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Services in Christchurch

Christchurch Brownfield Land Register

The Brownfield Land Register is a publicly available list of brownfield land (previously developed land) that is suitable for housing and is updated on an annual basis.

The Town and Country Planning (Brownfield Land Register) Regulations 2017 require Councils to prepare and publish a Brownfield Land Register by 31 December 2017. A Brownfield Register has been prepared for Christchurch and is provided in the following formats as required by government brownfield data standards:

An interactive map is also available to view the sites.

The register is also required to be provided in other data formats, which are available on the following external government websites for Christchurch data.

What is the Brownfield Land Register?

The National Planning Policy Framework (NPPF) requires councils to encourage the effective use of land by reusing land that has been previously developed (brownfield land), provided that it is not of high environmental value. The government has prepared guidance for brownfield registers.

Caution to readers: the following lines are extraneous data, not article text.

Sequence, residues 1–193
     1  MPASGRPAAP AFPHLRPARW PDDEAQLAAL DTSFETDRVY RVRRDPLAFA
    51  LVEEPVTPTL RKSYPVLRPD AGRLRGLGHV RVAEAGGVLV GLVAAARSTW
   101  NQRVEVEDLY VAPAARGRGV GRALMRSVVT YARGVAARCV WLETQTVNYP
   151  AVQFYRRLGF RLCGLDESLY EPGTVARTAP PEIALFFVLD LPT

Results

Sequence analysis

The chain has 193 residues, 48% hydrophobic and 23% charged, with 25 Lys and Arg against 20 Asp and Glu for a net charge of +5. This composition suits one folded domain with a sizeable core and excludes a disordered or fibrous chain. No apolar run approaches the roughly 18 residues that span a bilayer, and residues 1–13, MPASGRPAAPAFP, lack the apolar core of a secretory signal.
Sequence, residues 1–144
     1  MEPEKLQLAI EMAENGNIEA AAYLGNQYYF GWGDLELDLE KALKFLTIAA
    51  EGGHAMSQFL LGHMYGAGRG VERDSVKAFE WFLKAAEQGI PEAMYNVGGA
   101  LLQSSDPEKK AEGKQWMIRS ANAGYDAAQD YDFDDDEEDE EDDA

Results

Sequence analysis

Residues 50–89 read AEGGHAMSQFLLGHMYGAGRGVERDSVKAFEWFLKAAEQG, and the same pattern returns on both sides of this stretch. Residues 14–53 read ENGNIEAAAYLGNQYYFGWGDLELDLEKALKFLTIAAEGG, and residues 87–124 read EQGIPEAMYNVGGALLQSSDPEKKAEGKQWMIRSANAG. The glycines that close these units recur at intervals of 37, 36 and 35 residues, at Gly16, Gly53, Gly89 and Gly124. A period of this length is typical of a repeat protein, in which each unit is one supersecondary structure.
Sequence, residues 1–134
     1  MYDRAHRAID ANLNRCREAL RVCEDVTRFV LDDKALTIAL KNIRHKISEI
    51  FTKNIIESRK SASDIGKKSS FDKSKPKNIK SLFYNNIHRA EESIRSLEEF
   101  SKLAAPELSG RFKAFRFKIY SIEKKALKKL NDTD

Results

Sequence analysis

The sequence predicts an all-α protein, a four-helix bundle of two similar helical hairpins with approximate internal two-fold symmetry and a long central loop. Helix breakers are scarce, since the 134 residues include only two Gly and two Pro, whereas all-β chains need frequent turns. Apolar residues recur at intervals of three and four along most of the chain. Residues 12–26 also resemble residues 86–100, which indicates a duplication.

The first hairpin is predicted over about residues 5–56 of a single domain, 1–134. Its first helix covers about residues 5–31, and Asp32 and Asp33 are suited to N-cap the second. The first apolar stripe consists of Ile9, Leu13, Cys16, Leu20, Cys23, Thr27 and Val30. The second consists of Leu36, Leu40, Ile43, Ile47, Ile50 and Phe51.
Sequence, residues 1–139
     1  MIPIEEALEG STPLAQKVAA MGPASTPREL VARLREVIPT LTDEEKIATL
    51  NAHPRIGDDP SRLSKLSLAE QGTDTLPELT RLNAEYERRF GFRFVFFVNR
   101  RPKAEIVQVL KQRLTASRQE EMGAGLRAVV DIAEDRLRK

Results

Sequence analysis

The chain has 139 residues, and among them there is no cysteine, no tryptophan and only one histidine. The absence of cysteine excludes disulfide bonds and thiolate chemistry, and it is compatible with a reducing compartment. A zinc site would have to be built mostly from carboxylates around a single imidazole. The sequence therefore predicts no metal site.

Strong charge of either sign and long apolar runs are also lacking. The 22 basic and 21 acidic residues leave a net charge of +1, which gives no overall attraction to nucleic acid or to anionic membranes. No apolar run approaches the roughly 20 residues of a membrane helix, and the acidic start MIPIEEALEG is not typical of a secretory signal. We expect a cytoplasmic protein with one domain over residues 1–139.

The Register will help house builders identify potentially suitable brownfield sites for development. We have prepared a Brownfield Land Register that includes relevant sites that have planning permission, are allocations in an adopted Local Plan, or have been assessed through the Strategic Housing Land Availability Assessment (SHLAA) for Christchurch.

The Register is kept in two parts:

  • Part 1 comprises all brownfield sites appropriate for residential development
  • Part 2 comprises those sites granted Permission in Principle (PiP)

Christchurch does not currently have any sites entered on to Part 2 of the Register.

What sites should be included on the Brownfield Land Register?

The Brownfield Land Register Regulations state that land which meets the following criteria must be included:

  1. it has an area of at least 0.25 hectares or is capable of supporting at least 5 dwellings The Council may, if it chooses, enter land that is less than this, so long as it meets the other criteria
  2. it is suitable for residential development, meaning it is either allocated in a local plan; has planning permission for residential development or, in the opinion of the Council, it is appropriate for residential development having regard to any adverse impact on the natural environment, the local built environment and any adverse impact on the local amenity
  3. it is available for residential development, meaning the landowner or developer currently intends to develop the land, or the Council consider there are no issues relating to the ownership of the land which might prevent residential development of the land taking place
  4. residential development of the land is achievable, meaning that in the opinion of the local planning authority, the development is likely to take place within 15 years of the entry date
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